The "Pot Luck" Edition
A woman named Adele Bildersee died last week. That was her maiden names, which she went by later in life. The same 'Mrs. Feldman' gave me my first job. In 1970. When I was 7 years old.
I was a new 2nd grade student to the John F. Kennedy Elementary school. I had a top notch teacher, Mrs. Lubin, who recognized that, for whatever reasons (will save that for the Book I Will Never Write), I was both bored and slow to make friends. Mrs. Lubin somehow arranged to send me up to the library for long stretches during the school day, to work for 'Mrs. Feldman.'
I really don't know what she expected, but she put me to work immediately. Clear, high expectations. I was given every kind of library task:
--Stamping the removable library cards as they were taken out of their slot as books were checked out by the tranches of classes coming through for their “library period.” She directed me not to overlap with the previous stamp but also not to leave too much room between the stamps. There was no expectation except that I would understand what was gently, firmly being explained to me, that it was important, and that I would achieve it.
This physical tasks were one thing. But I moved on to being taught how to sort those check-out cards by letter of author's last name. Okay I knew the alphabet. But then, taking each letter group -- the S's, let's say, and re-alphabetizing them fully, Salinger before Sendak, for scores, or probably hundreds of books each day.
Golden rule of libraries: what comes off the shelf must go back on the shelf. Re-shelving those books, fiction by last name of author but in the correct section of the library, separated by age and type of literature. Rolling the little hidden-caster round seat/stool around, to sit and reach the bottom row or stand on and reach the top shelf. Remember those rolly-stools? They were built so they rolled freely when no pressure was on them, but when you sit or stood the wheels locked in place? BTW I realize I need one of those.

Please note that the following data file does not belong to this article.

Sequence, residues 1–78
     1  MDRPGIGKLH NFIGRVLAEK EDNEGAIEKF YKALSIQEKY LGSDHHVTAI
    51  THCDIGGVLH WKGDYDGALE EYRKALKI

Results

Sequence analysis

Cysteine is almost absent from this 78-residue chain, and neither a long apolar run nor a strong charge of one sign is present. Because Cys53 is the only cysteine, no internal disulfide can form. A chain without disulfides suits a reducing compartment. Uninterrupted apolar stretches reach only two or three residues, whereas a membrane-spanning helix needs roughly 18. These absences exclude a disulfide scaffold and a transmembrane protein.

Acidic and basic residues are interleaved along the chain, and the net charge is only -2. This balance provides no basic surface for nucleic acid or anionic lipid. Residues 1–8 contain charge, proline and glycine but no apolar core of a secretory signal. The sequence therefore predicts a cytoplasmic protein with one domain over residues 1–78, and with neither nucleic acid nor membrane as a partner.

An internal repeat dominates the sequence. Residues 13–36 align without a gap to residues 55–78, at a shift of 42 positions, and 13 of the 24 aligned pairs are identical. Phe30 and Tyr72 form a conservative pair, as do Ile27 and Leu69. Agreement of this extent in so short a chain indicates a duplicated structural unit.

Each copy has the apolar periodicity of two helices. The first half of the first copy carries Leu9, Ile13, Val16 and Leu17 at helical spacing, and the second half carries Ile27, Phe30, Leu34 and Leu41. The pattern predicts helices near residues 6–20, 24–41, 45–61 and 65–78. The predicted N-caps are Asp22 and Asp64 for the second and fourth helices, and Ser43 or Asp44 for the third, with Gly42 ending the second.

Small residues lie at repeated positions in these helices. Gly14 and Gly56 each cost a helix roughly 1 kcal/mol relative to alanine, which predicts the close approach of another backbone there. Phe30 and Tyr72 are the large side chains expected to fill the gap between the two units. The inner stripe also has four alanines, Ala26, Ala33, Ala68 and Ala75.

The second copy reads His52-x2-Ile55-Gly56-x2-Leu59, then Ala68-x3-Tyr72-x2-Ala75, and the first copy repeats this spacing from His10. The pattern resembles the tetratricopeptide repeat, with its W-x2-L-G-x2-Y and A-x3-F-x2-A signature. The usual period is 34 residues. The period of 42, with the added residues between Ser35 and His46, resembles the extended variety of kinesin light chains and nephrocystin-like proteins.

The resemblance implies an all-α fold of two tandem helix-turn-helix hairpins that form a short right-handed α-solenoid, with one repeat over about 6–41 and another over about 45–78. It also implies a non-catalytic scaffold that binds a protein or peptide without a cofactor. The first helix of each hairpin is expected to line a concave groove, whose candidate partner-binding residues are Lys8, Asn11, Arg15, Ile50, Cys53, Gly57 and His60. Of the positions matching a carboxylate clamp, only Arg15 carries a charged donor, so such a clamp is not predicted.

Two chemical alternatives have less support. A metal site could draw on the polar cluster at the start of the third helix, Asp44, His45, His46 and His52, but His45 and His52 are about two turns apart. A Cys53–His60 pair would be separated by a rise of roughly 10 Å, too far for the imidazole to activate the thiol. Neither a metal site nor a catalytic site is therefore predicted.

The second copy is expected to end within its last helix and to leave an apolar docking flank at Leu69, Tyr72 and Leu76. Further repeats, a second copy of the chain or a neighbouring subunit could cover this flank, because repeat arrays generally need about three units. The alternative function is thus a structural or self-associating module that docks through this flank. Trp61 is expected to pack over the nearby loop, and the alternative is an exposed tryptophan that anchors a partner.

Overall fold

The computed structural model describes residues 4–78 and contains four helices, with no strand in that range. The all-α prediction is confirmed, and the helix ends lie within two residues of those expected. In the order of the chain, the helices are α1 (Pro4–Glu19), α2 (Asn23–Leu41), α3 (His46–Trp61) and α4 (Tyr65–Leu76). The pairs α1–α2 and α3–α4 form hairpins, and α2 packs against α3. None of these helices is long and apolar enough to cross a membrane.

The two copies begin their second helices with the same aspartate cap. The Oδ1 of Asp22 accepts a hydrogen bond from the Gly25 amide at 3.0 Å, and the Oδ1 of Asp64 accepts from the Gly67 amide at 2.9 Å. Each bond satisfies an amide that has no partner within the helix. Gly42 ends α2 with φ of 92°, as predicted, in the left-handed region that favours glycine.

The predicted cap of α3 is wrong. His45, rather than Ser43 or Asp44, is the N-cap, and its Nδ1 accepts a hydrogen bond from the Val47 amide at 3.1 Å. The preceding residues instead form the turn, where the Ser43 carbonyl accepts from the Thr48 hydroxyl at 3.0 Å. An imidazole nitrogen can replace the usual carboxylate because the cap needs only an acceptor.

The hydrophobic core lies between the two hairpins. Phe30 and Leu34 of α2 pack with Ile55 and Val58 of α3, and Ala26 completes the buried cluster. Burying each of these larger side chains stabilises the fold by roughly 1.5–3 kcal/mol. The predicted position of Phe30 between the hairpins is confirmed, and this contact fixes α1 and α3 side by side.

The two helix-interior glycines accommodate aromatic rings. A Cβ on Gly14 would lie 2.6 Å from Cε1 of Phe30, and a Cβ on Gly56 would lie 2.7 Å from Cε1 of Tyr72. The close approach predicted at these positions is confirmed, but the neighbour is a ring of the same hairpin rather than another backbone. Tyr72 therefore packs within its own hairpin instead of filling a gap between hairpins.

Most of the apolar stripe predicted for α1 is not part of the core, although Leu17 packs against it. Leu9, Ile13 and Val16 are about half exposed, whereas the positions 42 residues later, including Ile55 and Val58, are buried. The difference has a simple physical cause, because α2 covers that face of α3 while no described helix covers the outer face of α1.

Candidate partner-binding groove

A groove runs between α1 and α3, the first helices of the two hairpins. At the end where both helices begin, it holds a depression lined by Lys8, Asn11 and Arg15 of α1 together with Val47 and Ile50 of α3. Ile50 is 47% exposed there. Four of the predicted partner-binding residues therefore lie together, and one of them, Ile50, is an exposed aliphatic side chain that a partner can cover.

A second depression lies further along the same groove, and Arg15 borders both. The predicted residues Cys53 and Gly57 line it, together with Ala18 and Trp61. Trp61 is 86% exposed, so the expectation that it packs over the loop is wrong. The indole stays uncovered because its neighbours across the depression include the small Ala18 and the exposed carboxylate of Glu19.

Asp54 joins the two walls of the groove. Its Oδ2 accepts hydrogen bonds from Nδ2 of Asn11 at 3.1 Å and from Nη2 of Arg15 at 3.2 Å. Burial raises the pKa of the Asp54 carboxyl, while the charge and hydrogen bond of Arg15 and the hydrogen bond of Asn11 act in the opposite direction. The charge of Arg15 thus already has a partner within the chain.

Alphabetizing fiction was one thing, but the needed to re-shelve a full library cart full of non-fictions books according to the Dewey decimal system, was another feat of concentration. As was the physical strength needed to push those heavy wooden carts full of books around.
The point here is that Mrs. Feldman was not just teaching me ABCs and 123s or even to be careful and exacting. All of which it was. Whether she knew it or not, the lessons imparted most of all were about about the pride of work, the workplace itself, dignity of work. Teaching how to create that domain through her excellence, expertise, and expectations. It was palpable at that age.
Oh-- and also-- the love of books! The one soft spot she showed me was that, if I got lost for a minute in reading, thumbing through one of the books I was re-carding or re-shelving, that was (tacitly) permissible.
Cut to, 40 years later, me on a NYC high school admissions tour with my eldest, an 8th grader. Me, walking into the the school Library we were touring. Me, hearing, "Lauren?" Me, saying, "Mrs. Feldman?!" A big embrace. It occurred to me that the "old" librarian of 1972 was probably a good 15 years younger than I was on that tour. Anyway, we caught up, we exchanged emails. All three kids ended up going to that school, so over the next ~10+ years we saw each other frequently, every library-based event, poetry reading, or curriculum night. We still talked books and literature. She ran that place, too, with the same authority, poise, and professionalism as I remembered. Adult to adult, she shared with me some opinions on the state of library science-- and adolescents -- she held. "No nonsense" is putting it mildly.
My experience with Adele taught me almost every single thing about not only the love of reading, but the work ethic I soaked up and maintained for the rest of my life. What a boss. What a woman. I'm forever changed by her. I told the story of my “first job” many times over many years. It began to sound like a half-made up rosy recollection. I started to doubt myself as time passed. Cleaning out my mother’s apartment one day, I came across this note. I was so excited. It validated the fact that it really was a job because it reads exactly like a letter of recommendation! I should post it on my LinkedIn!
Go ahead and alphabetize the links below, re-shelve them in your archive, or check them back in when you finish them. This week’s LZ Sunday Paper has some book reviews in honor of Mrs. Feldman, along with all the week’s most important news by, for, and about women, delivered straight to your inbox. Politics, Pop Culture and everything in between. Every Sunday.
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